As an author, my success depends in part on my choice of words and how I turn a phrase. Some days I am more successful than others. At times, the words fly from my mind to the computer screen without much effort. Other times, I wonder if I will ever write a coherent thought again. I currently am writing a revision of one of my books. Some days I feel like I am developing an industry leading text; other times, I feel like I belong in a developmental English class.
It simply goes with the territory.
My March 20, 2011 post to this blog (“What We Say, We Become”) drew a suggested reading from a colleague: Words That Work: It’s Not What You Say, It’s What People Hear by Frank Luntz.
Early on in the book, Luntz presents his top ten list for effective communication. His list instructs the novice and reminds the veteran that the reader (or listener or viewer) may not hear what we think we are communicating. This advice is not only powerful for authors; it can be a powerful tool in the hands of an employee wanting to sell his boss on an idea, a salesperson wanting to close a deal, a citizen wanting to convince the local government about the wisdom of a certain policy, or spouse speaking to spouse. Here are Luntz’s suggestions.
Ten Rules of Successful Communication
1. Simplicity. Luntz reminds us that fewer than 30% of Americans have graduated from college. Keep the message simple and on point. Otherwise, you risk speaking over your audience’s head. It doesn’t matter how eloquent you are, if the audience does not get it, you have not communicated your point. Period.
2. Brevity. Luntz says that “small beats large, short beats long, and plain beats complex.” Think of marketing slogans that have made it. “Just Do It” comes to mind.
3. Credibility. No matter what you are writing about be sincere, be credible, and be reputable. Avoid grandiose promises that cannot be delivered and beware of the expectations you are creating in your audience. Are they believable? Can you deliver?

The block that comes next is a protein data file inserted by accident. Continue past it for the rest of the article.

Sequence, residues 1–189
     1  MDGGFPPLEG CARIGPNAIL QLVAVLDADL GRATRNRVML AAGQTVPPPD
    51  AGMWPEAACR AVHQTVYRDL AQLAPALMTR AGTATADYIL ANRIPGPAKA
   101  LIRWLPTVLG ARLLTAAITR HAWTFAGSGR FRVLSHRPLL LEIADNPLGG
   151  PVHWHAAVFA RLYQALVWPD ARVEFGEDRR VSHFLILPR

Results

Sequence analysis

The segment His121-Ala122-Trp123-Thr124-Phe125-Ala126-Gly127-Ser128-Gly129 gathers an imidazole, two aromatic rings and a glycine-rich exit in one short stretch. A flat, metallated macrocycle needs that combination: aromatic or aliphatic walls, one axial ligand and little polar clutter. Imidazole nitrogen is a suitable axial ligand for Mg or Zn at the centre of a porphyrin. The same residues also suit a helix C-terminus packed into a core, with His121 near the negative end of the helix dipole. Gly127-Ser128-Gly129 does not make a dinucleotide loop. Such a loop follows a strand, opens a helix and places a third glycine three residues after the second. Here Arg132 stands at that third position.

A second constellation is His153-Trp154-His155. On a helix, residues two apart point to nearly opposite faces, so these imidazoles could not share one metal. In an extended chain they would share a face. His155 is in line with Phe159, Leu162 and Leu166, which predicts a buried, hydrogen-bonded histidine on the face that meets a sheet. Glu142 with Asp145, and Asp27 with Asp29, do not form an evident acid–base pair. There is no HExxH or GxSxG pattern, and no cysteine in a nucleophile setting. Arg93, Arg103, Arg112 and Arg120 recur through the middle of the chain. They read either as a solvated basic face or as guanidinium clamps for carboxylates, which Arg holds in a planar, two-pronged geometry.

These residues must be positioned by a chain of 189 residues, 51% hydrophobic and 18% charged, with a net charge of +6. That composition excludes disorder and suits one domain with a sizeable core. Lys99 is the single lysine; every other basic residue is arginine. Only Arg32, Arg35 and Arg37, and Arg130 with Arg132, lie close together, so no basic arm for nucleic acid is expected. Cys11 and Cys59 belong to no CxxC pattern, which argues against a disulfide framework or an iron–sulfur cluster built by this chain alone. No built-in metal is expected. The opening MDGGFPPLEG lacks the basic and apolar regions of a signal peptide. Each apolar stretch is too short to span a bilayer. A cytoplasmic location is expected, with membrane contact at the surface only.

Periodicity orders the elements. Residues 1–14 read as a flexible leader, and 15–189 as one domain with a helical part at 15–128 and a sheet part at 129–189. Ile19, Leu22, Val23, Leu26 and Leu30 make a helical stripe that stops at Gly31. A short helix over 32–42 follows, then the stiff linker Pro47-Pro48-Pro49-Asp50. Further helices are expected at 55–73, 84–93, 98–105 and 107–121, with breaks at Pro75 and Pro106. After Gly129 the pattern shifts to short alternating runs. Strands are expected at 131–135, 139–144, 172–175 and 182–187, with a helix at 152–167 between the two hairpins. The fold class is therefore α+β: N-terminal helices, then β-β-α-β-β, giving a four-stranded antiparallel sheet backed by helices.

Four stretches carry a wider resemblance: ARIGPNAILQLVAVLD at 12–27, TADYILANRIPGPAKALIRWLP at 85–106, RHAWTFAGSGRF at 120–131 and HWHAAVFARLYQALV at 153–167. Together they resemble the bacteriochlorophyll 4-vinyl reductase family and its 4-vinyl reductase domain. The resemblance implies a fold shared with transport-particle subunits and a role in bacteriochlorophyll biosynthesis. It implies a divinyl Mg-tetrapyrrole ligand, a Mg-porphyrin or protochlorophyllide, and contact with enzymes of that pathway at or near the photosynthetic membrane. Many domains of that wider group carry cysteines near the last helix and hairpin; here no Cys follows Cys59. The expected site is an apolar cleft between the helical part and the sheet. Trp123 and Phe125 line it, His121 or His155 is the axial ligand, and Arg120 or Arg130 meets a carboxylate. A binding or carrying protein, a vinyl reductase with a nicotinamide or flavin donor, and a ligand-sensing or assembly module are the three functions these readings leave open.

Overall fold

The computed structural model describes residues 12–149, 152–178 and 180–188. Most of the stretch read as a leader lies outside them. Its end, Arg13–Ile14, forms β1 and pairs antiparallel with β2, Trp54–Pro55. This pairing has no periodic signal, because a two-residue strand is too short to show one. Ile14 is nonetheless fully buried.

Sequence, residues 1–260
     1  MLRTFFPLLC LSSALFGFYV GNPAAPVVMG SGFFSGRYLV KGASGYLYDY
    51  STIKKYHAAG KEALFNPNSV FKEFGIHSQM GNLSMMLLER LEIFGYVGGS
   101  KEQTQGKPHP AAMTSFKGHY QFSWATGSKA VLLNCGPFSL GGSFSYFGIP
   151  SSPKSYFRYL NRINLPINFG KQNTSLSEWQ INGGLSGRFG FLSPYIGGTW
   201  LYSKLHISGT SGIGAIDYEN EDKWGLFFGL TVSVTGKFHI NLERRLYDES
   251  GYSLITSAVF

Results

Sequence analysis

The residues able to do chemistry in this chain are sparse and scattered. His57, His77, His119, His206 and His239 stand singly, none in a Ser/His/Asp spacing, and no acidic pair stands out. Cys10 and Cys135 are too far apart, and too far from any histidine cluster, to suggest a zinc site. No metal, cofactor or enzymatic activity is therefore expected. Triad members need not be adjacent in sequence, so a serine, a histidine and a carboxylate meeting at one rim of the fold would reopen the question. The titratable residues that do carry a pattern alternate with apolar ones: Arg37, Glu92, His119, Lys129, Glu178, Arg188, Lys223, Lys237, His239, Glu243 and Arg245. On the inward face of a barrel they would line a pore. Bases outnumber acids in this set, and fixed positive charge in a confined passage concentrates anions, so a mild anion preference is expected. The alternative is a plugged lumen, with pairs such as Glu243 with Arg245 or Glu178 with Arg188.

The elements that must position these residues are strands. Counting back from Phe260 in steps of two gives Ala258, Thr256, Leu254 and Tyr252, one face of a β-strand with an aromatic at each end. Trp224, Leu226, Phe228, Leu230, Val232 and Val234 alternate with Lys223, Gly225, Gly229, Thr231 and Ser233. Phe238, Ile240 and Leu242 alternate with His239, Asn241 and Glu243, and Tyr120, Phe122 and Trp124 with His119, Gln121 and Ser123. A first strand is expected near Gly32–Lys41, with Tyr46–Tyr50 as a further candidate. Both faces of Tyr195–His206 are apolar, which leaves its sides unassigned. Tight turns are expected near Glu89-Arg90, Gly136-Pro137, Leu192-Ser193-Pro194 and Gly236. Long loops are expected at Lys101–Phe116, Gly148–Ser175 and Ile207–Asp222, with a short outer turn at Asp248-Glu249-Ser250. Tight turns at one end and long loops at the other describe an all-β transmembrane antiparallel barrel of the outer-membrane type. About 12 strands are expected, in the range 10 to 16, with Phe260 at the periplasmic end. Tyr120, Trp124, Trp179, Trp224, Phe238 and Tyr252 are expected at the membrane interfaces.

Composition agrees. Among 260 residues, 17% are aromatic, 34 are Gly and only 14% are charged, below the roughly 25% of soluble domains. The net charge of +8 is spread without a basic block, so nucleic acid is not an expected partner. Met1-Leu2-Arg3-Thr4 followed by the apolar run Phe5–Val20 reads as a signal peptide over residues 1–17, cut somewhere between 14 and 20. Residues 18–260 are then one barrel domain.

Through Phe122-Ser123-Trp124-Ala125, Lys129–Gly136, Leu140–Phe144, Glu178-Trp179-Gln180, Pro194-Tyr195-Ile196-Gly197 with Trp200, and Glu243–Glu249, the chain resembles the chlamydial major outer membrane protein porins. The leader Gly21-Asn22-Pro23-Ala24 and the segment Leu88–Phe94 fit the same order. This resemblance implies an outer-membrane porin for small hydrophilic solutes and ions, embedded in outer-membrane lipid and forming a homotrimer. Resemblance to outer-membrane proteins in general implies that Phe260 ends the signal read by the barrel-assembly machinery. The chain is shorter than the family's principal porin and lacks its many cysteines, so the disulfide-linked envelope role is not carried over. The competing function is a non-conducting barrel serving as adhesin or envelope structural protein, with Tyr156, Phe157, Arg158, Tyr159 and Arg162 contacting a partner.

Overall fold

4. Consistency. Repetition has power. “Message consistency builds customer loyalty,” says Luntz. This is important when branding a product or service.
5. Novelty. What are you offering that is new to your client (readers, viewers)? While consistency is valued, so are those things that stop us with a bit of shock and awe. Tap into the adventuring spirit of “new and improved.”
6. Sound and Texture. One of the coolest words I remember learning in my early school years was onomatopoeia. I’ll pause for you to dig back in your memory bank.
Remember it? It’s using a word that imitates the sound of the word itself. Like “bang” or “boom.” The sixth rule is to use words that have a certain alliteration to them. They help the reader (listener) make connections and better remember your message. Former Vice President of the United State Spiro T. Agnew (no doubt thanks to his speech writers) understood this when he uttered memorable word combinations like “nattering nabobs of negativity (negativism).”
7. Aspiration. Help people feel the emotion you attempt to create. Make them feel good, long for something or somebody. In short, when you speak or write aspirationally–as Luntz calls it–you help them sense a better place.
8. Visualize. Your words need to “paint a vivid picture.” If your audience can’t see it, they will have a difficult time understanding what’s in it for them.
9. Ask a question. Take what you want to say, put it in the form of a question, and it personalizes the message for the receiver. “Are you as successful as you want to be?” “What do you need to do to get closer to your dream?” Questions by nature can lead to a dialogue–an interaction that makes the listener (viewer) an active part of the communication process.
10. Context and relevance. If you propose a solution, make sure you have identified the problem. When you identify the problem, make sure it has meaning to the audience. Make an emotional connection.
Video recommendation for the week:
Perhaps a picture will say it more effectively. In this case, the message in this video below is simple: “Change your words, change your world.”
© 2011. Steve Piscitelli and Steve Piscitelli’s Blog.